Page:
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21 Responses to “"Fresh Prince of Bel Air" theme song, Google-Translated”

  1. xzzy says:

    Seems like a decent option for writing new lyrics. Write a mundane essay about going to the store and buying some milk, translate it 60 times, then sing it. Suddenly everyone’s congratulating you on how your song saved their marriage and ended crime.

  2. lysdexia says:

    Am I the only one who cannot understand a word of what is going on here?

  3. theophrastvs says:

    Not the most original “it’s funny when computers try to translate (human language)”:  http://www.snopes.com/language/misxlate/machine.asp   …but certainly one that comes so close to political incorrectness (‘incorrectitude’?)

    • Dan Hibiki says:

      it’s a pretty old trope.
      So old that Philip K. Dick described a game in Galactic Pot-Healer(published 1969), where players would use a computer to translate book titles to Japanese and back again and try to guess what the original title was.Prior to that I would wager that gentelment had peasant try to spell book titles and decifer what the original word is.

  4. Sam Ley says:

    I’m actually surprised by how WELL it works. Up through the first 10 languages or so the result is actually largely intelligible. It is a bit strange sounding (apricot seems to worm it’s way into the translation almost immediately), but entirely usable.

    •  “Apricot” worked it’s in so early I thought it must have been in the original and was just some late 80′s slang term I missed. I took a long break from TV in the mid to late 80′s and never watched much after that, so I didn’t know better.

      Anyone have any ideas how “apricot” got in there. I’d wager it’s something like Backstroke of the West, a confusion of Chinese characters used to transliterate a foreign word with the words those characters represent in Mandarin.

      • Luther Blissett says:

        Might also be a two-part character where only one part is translated (or translated correctly) back to english. After all, hanzias well as kanji are quite… pictorial.

        Plus, I am also amazed. Tried this in, ahem, 1999, I seem to recall, with the AltaVista Babelfish. Funniest was translating “Road Trippin’” to Korean and back. (Now I would have to look up when the Bablefish learned Korean…) Best subsitute lines ever. Somewhere, somthing always invoked a dragon. And a lot of food, mainly rice. My absulute favorite line was “The military disciplin is an unavoidable green onion”. I LOVE babbling this every now and then. Some of my former flatmates take this as my second signature line…

    • Yeah, I think it says how far our ability to machine translate language has come. It seems like not too long ago if you played this sort of game you’d get total gibberish after just one translate and back.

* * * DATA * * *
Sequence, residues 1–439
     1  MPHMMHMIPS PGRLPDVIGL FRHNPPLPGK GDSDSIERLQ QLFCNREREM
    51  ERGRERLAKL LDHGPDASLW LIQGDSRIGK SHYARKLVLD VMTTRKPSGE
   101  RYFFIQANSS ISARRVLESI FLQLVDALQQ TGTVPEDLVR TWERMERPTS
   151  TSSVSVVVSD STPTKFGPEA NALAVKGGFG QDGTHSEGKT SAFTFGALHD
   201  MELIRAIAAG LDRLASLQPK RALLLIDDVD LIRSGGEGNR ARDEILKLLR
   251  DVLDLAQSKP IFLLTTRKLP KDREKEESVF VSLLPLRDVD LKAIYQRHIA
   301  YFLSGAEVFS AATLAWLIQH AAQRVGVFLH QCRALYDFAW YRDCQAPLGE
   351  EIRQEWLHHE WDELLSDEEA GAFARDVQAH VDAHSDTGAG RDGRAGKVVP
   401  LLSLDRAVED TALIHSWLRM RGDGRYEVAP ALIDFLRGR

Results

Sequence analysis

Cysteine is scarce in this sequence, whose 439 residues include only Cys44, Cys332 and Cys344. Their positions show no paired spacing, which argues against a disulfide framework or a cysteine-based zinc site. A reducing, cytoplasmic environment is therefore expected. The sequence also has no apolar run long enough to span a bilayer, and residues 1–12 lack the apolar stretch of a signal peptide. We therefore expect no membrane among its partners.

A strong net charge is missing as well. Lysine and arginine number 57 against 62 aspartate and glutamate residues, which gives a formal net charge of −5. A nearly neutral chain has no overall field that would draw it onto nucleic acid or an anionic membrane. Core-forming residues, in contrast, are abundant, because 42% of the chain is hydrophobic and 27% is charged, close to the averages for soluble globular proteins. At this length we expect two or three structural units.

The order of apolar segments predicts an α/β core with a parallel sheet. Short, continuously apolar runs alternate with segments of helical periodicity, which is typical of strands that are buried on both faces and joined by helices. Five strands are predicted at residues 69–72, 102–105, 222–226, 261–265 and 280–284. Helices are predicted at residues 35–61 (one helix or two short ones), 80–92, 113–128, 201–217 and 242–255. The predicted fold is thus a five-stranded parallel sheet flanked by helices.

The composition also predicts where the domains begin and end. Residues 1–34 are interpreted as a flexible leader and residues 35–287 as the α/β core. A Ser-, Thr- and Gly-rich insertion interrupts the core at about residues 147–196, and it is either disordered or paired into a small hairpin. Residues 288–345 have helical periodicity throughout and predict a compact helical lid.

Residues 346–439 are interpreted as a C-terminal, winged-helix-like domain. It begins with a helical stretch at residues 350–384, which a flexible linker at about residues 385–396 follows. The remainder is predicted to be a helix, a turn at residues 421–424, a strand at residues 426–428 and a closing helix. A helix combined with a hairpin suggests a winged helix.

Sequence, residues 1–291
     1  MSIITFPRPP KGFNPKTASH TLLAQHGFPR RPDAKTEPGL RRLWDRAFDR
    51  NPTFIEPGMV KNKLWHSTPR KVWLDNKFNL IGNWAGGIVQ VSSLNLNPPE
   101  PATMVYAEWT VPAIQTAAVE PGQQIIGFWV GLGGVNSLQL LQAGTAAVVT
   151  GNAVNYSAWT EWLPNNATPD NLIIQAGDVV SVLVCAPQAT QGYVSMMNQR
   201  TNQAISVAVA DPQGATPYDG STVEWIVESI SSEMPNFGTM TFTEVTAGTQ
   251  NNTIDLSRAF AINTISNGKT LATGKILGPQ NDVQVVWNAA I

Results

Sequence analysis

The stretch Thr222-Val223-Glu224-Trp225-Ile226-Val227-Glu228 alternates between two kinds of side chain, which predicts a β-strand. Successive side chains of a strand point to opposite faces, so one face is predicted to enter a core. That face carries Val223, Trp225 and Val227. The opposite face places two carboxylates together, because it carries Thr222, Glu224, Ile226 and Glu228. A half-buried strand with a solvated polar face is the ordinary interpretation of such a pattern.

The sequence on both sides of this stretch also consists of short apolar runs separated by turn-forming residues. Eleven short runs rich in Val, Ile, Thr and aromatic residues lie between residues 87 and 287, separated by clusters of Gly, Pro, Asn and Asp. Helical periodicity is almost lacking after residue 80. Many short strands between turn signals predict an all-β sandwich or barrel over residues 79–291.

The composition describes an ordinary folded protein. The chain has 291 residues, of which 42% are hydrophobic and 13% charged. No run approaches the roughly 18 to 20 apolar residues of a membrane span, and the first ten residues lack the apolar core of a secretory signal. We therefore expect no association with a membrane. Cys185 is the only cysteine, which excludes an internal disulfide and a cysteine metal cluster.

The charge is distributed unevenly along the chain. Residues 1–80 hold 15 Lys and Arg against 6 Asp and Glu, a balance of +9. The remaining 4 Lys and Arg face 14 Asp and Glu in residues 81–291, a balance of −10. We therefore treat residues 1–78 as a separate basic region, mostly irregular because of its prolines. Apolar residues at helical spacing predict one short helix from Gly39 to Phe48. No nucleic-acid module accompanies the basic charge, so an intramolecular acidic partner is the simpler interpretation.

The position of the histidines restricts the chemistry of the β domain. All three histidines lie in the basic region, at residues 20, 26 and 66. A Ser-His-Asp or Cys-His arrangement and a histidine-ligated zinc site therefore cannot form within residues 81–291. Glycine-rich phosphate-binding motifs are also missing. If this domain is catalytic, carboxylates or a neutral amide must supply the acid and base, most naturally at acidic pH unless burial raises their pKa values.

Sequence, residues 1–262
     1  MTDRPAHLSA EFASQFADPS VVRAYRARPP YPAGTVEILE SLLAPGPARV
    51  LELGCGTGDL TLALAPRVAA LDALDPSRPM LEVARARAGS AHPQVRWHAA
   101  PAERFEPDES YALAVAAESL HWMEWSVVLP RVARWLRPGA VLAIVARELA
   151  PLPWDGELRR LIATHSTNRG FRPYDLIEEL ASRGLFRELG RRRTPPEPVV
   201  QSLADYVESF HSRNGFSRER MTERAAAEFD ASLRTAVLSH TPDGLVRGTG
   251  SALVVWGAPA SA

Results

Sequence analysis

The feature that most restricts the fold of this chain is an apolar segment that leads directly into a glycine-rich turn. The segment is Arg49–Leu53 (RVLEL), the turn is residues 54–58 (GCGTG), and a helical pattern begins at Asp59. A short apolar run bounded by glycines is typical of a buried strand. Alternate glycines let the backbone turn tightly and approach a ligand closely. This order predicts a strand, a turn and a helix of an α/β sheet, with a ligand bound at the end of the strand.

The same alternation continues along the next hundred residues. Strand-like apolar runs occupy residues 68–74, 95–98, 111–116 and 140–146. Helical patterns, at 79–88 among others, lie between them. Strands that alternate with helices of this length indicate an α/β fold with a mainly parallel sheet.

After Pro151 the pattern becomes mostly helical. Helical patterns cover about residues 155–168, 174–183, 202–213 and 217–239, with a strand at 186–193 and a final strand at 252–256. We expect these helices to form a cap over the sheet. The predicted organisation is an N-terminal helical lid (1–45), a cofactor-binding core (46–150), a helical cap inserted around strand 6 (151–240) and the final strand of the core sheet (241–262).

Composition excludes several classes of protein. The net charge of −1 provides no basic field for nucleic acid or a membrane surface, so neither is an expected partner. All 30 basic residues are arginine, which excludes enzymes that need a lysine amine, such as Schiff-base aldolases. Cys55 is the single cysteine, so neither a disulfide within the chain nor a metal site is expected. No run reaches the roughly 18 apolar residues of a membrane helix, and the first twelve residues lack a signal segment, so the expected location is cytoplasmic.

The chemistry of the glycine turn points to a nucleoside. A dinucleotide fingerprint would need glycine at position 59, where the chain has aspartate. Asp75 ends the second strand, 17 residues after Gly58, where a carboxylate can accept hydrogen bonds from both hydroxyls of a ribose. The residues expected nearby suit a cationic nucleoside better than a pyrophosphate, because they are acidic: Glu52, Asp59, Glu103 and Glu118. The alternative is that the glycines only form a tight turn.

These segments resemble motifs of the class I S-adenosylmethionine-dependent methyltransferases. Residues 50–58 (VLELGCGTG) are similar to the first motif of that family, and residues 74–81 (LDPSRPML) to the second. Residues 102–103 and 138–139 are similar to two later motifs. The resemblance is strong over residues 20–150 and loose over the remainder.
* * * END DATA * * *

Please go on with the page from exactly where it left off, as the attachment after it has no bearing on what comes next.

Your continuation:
5. Leo says:

    That was actually pretty good for being done in one take. 

    • flickerKuu says:

       One take THAT time, doesn’t mean they didn’t try multiple takes until the got it right. I thought the whole thing was kind of MEH myself. Pretty much every single phone message I get on google voice has a transcription that’s funnier than this. Oh well. At least they tried. Bravo to that.

  6. Sagodjur says:

    I used to do this with poetry to generate unexpected phrasing and usage of tenses. = I do this with hair generate unexpected formulas and use of time.

    It doesn’t always work out well.

    • Andrew B. says:

       not entirely sure what is happening.

      • Bottle Imp says:

        Translation Party uses the Google Translate API to translate a phrase from English to Japanese and back again until the resulting output ceases changing. In an admission that probably reveals a great deficiency in my character, I enjoy putting the opening lines of novels into Translation Party.

        The opening of Ethan Frome by Edith Wharton is: “I had the story, bit by bit, from various people, and, as generally happens in such cases, each time it was a different story.” But on the other end of TP you get: “When it happens, is a slightly different story from the stories of ordinary people.”

        The opening of The Old Man and the Sea (“He was an old man who fished alone in a skiff in the Gulf Stream and he had gone eighty-four days now without taking a fish.”) resolves to “80 Had a stream arrest 4, his boat Bay.”

        Not always funny or interesting, but what can I say, I have a problem.

  7. Robert Drop says:

    It occurs to me that they could have ended up with these results in a single step if they had used Youtube’s closed captioning system.

  8. ImaginaBit Empresa says:

    I love the song “A determined mistique” of Hidrogenesse, which is a machine translation of an interview with Morrissey
    Last year they made a new version for the album “A binary digit iffy. Recital for Alan Turing”

    can be seen on youtube in Spanish, not subtitled: (
    http://www.youtube.com/watch?v=Wt1Wxb53uaI&list=UUCSnTb2s–AqyFvDl06zyYg

  9. Joe Breig says:

    The reason Cinderella has a glass slipper is that when the story was translated from French, the word for fur was mistaken fo the word for glass.

  10. monstrinho says:

    nice idea but i could sit though the horribly douchey presentation. God that was unwatchable. 

  11. girth says:

    Mark Twain did it first. http://en.wikipedia.org/wiki/The_Celebrated_Jumping_Frog_of_Calaveras_County#Translations

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